In my penultimate post about useful software I used in 2014 and will (most likely) use in 2015, I wanted to look at some of the web apps that made my life easier:
- Codepen – Easily the best online code sharing environment there’s thousands of great pieces of code out there, an easy to use environment to test your code in, and a nice UI to wrap the whole thing up – perfect.
- Pocket – Easy to capture articles into (Chrome add-in), Pocket Pro adds useful retention for articles that might be removed from the web, and a solid mobile client makes Pocket idea for building up and going through your reading list.
- Outlook.com – I want to love gmail – I still get most of my email into my gmail account to make the most of Google Now on my phone- but it just isn’t a great UI for working with messages – I have no idea why I’d want a floating compose window as opposed to a fix one focusing on the message I’m working with but Outlook manages to provide a clean interface that doesn’t get in the way.
- Feed.ly – I can’t deny missing Google Reader, but Feed.ly does everything I want from a feed reader with some useful bells and whistles.
- Evernote – Evernote’s new interface is a delight it focuses on useful elements (composing new notes and searching for old ones) that demonstrates where a lot of apps should be headed – very refreshing especially for a company which could’ve easily sat on it’s robust (old) web client or told people to use apps instead.
- Google Calendar – I use this out of habit/convenience more than anything as the whole style of Google Calendar is painful due to a complete lack of logical workflow and design grace- it’s great telling me in a tip that I can say “Lunch with X at 11:30 am” but it’s useless when I put all that data into my entry and I don’t have a time or place field automatically completed unless I use perfect syntax – which is especially annoying when Google’s intelligence in Google Now and general searches on Android is a country mile ahead of the pack. They could save the applicaiton with a bit of thought about how people use a calendar (keep the new appointment form in a pane so it’s always accessible,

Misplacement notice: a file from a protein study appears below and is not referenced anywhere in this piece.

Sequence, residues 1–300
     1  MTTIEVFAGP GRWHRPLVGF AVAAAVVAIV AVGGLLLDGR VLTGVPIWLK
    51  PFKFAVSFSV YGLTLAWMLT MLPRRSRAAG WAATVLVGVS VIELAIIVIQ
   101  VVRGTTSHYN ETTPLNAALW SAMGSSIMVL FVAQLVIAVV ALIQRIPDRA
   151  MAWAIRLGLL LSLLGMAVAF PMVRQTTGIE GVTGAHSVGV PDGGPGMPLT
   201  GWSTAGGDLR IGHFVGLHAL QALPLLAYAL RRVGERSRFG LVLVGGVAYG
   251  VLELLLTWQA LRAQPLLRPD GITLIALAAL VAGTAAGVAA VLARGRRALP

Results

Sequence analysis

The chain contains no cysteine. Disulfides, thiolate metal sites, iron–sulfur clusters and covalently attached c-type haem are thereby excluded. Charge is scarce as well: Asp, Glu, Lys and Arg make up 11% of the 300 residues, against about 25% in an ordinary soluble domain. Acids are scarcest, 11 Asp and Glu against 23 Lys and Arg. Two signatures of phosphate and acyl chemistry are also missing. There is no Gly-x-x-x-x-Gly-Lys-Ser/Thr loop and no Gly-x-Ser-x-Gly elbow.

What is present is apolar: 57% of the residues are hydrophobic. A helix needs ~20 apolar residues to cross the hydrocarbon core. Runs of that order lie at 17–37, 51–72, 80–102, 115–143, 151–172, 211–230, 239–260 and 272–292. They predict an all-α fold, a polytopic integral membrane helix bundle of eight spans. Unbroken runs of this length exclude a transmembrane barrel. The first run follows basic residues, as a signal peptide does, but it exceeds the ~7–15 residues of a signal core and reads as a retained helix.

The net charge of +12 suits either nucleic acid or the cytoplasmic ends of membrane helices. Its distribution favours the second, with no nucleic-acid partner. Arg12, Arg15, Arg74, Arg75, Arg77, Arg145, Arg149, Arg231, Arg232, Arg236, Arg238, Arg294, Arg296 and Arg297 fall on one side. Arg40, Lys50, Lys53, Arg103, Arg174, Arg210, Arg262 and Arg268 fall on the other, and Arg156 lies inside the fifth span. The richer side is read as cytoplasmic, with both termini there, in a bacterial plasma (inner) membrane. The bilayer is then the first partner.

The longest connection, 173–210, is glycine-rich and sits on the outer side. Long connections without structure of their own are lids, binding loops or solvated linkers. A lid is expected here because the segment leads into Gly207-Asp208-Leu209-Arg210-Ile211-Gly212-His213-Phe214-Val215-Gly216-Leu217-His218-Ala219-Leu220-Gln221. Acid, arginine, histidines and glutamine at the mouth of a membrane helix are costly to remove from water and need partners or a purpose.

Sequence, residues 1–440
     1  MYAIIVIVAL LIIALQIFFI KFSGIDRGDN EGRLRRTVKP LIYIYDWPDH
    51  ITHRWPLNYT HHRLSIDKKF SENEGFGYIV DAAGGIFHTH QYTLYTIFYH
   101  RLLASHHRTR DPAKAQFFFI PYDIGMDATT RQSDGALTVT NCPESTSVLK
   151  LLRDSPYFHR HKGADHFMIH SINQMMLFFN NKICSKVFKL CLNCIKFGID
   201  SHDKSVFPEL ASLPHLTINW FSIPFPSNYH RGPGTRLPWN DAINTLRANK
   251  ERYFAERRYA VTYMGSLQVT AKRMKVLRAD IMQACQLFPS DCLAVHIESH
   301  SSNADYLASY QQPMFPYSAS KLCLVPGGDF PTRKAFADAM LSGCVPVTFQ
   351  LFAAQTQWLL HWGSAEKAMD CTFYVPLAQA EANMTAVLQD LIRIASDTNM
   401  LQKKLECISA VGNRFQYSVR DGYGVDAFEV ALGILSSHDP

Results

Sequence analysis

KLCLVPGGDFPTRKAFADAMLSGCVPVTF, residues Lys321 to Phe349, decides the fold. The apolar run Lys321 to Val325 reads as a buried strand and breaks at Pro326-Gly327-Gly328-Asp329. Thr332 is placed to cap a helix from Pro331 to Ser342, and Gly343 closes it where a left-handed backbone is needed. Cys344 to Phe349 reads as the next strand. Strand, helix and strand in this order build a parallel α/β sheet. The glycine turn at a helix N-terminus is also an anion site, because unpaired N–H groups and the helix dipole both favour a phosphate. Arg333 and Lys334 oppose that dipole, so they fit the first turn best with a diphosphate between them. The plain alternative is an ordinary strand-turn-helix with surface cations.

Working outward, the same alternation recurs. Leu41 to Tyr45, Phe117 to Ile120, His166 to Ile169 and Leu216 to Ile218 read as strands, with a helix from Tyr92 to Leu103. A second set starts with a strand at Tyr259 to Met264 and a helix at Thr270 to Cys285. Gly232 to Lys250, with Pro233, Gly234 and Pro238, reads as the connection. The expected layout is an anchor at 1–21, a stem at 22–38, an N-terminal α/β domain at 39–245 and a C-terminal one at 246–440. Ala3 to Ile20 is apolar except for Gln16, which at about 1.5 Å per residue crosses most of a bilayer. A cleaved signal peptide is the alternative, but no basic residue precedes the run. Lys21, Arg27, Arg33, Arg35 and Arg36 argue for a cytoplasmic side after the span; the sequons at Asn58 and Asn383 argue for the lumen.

- Google Plus Photos – Actually, this is awful too. Wow- I never knew how frustrating Google apps could be until I looked at them one by one! In fairness, the core functionality is great- editing is easy, tidy automatic Android integration/backup, and some nice touches (auto-touch up and story creation) work well… but try to do anything with the app (managing the large amount of images it supports, moving things into albums etc) seems to be bug ridden and difficult (I can never move items into a new album without selecting them and then scrolling all the way back to the top of the page for example, and I’m bored of the reset to the top of the page)… Maybe this year I’ll have a look at OneDrive or Flickr for my images- but for now, Google Plus Photos does the job…
- WordPress – Constantly updating and adding functionality without getting in the way – WordPress shows what you can achieve in a web app. I’m confident what it doesn’t do that I’d like to is probably covered by a plugin – it’s really hard to fault (especially with free hosting on WordPress.com).
- OneDrive – Microsoft pushed Google Drive out for me due to it’s speed and ease of use- where Drive insisted on versioning and Docs integration, OneDrive seemed happy to be more Dropbox like – and now that Microsoft’s office apps have become more robust online I’d never think of switching back to a storage only service (especially after SugarSync, a long term favourite for such things, decided to pull it’s free offering without “upselling” it’s functionality against it’s many free competitors).
- SimpleNote – OK- so many of you will have noticed Evernote and OneNote on my previous entries – why another note app? SimpleNote does the basics brilliantly- and it gives a nice little silo for scratching out specific notes for specific purposes (it’s a bit like a seperate drawer in your desk!).
- TimeBuddy – My favourite world clock site for ease of use!
My next, and final, post in this series will cover some of the apps I’m looking forward to next year and what I hope will come to fruiton soon.